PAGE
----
Network security company SonicWALL Inc. is inching its way into the enterprise with its E-Class series of unified threat management (UTM) appliances.
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The company is working with its top channel partners to expand their focus from the small and medium-sized business (SMB) market to bigger companies, and it will slowly recruit new partners in the process, SonicWALL executives said.
The unified threat management approach, which combines firewall, antivirus tools, email/content security and intrusion detection, has threatened to take off for years. But now a number of players have upped the ante with improved UTM products and a channel push into the enterprise.
With SonicWALL's entrance, partners will find themselves facing off against Fortinet, which announced a UTM global partner program focusing on enterprises in August, as well as Cisco Systems and Trend Micro, all considered market leaders.
Partners already involved in SonicWALL's enterprise push say it hasn't been easy, but it has been worth it.
"It's taken a little while to plant the seeds and get people interested," said Todd Barrett, director of sales for the security and networking division of CPU Sales & Service Inc., a SonicWALL partner in Waltham, Mass. "We've done a lot of [technology] comparisons. We know that the product works, so we're kind of doing a dance right now." Barrett said CPU has been working with the company's enterprise appliances since late December and has sealed quite a few major deals.
SonicWALL made its name selling security solutions to SMBs, but its acquisition less than a year ago of SSL VPN vendor Aventail, which focused on larger companies, gave it technology to battle in the enterprise with higher speeds and capacity.
Until recently, unified threat management appliances slowed down connection speeds and software applications, but multi-core processors have changed that. SonicWALL's E-Class Network Security Appliance (NSA) E7500 has a multi-core platform enabling firewall security and policy management, as well as antivirus, antispyware and content filtering. The box offers 1.3 Gbps of UTM performance and has eight firewall ports -- four that are copper Gigabit Ethernet and four that are small form-factor pluggable (SFP) gigabit interfaces, enabling connection to fibre.
SonicWALL has always touted simplicity in management as a selling point for SMBs and is now selling the same point in larger environments. The NSA E7500 has a Web interface for administrators, meant to make the appliance easier to install and manage.
"We're using everything we learned in the SMB market -- less cost to deploy and less cost to manage," said Marvin Blough, vice president of worldwide channel sales at SonicWALL. "I think that's the place we find ourselves competing with a Cisco or Juniper. Those are complicated products -- we don't need specialists on board to deal with our products."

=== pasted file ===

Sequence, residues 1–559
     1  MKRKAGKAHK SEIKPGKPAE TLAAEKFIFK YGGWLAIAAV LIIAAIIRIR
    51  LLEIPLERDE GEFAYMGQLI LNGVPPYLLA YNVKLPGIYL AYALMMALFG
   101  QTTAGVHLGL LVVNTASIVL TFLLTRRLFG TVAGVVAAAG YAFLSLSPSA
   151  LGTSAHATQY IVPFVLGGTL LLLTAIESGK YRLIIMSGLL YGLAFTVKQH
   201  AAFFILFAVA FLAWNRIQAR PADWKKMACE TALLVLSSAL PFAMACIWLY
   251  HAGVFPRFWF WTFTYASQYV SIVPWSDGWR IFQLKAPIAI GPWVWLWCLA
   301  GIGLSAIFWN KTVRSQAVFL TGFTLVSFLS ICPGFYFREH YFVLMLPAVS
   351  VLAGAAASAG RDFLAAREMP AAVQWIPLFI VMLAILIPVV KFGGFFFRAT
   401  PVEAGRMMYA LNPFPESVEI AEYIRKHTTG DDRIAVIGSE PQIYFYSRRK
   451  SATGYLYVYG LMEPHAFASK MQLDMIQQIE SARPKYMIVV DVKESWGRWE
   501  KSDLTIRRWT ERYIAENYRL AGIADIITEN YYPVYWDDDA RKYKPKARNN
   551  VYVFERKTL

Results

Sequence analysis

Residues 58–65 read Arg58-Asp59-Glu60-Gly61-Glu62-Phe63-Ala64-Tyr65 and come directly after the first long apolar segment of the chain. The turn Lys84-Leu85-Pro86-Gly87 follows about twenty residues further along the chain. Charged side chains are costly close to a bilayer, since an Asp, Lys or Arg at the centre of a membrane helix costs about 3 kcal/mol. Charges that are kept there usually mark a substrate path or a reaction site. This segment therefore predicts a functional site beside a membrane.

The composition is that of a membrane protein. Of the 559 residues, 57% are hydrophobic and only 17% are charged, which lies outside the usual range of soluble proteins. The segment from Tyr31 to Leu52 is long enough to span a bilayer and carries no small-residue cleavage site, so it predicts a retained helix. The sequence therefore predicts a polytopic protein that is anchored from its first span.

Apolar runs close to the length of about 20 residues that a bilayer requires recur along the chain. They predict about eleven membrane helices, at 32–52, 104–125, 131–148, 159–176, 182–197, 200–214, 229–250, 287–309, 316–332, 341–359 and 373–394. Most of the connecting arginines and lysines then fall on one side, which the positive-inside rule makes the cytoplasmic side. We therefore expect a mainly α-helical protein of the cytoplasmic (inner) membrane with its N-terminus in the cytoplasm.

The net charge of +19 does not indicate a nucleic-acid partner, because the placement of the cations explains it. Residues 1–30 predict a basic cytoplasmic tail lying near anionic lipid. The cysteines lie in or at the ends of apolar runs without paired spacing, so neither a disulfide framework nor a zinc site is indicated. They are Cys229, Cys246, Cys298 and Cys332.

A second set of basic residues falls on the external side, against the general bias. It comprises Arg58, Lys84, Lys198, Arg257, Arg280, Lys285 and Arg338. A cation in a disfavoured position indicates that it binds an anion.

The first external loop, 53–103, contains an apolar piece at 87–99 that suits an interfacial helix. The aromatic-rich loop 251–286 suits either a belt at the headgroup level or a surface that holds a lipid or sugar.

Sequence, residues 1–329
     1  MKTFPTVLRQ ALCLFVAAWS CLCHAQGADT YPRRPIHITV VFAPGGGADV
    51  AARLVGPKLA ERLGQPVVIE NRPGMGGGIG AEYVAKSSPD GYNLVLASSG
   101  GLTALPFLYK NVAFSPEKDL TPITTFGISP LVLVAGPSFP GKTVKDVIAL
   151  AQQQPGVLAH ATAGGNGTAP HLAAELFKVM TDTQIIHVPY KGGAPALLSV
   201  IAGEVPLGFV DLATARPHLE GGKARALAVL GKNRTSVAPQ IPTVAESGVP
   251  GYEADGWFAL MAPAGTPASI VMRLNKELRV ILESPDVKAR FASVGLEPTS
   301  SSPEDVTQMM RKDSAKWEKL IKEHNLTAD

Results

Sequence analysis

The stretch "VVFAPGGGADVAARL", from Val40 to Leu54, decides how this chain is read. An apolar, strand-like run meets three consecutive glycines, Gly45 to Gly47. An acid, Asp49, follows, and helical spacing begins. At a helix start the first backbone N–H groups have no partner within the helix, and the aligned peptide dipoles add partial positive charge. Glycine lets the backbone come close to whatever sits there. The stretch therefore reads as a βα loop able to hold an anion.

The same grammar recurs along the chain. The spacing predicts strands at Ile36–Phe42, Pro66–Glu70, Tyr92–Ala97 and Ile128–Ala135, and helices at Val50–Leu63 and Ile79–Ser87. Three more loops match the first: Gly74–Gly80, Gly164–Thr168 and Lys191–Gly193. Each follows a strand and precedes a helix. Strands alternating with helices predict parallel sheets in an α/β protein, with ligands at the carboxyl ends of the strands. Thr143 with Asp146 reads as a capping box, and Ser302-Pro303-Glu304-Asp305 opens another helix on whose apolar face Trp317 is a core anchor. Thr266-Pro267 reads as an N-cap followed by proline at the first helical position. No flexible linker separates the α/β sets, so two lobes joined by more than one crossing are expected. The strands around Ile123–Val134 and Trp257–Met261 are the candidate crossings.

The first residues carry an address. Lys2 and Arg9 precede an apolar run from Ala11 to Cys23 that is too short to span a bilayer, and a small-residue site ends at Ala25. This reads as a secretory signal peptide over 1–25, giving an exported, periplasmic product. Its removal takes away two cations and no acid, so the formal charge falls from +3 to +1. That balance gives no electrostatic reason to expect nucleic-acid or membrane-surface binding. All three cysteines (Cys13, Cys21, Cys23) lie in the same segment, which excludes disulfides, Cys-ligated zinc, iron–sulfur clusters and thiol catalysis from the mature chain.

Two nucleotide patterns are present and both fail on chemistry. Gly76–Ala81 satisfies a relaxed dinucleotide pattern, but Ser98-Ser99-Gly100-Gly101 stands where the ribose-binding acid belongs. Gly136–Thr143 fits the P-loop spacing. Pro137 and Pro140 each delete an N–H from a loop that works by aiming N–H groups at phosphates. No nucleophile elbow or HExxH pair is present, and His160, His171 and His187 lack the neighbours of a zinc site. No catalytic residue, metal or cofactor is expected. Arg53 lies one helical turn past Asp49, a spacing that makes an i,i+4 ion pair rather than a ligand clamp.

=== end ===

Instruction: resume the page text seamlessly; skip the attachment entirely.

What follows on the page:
Independent product trials have shown the NSA E7500 to be comparable to -- or even better than -- competitive products. Though some say more complicated offerings enable more diverse services and configuration, that criticism doesn't faze SonicWALL partners.
"Cisco might have some flashy granularity, but you need a full-time dedicated employee to manage all that technology," Barrett said, adding that he'd rather have somewhat fewer capabilities for a cheaper and easier-to-use solution.
Product comparisons aside, the challenge may boil down to how well partners will fare in the enterprise market against companies with heavy brand-name recognition and strong partner programs.
"In the SMB market, it's not difficult to sell against Cisco -- quite the contrary. In the SMB market you have to make every dollar count," said James Carter, chief technology officer of The Integration Works LLC in Santa Ana, Calif., adding that SonicWALL's product is both cheaper to buy and requires little management manpower.
"In contrast, no one ever got fired for buying IBM in the enterprise -- they don't get in trouble for going with market leaders. SonicWALL is going to break down that perception by proving it with try-and-buys," Carter said.
As for the partnering experience, Carter and Barrett both see the advantage of working with a smaller company.
"I can make a big difference to them in relation to my size. If I can make a difference for SonicWALL, they are going to be more interested in helping me," Carter said.
Barrett, a self-proclaimed "big fish in a small pond," added that only large value-added resellers (VARs) make money with companies like Cisco. "You have to live on services there or you're not going to survive. Most of those people don't make a lot of money on hardware."
For its part, SonicWALL will take the enterprise push slowly and steadily and will not lose focus on the SMB market. "You'll see us continue to add products and other offerings in the SMB space," Blough said. As for the enterprise push, Blough said the company will work with its top 200 partners (out of the existing 6,000) to expand upward. "If I recruited 100 more partners this year that really have the capability and customer set, I would consider that a success," he added.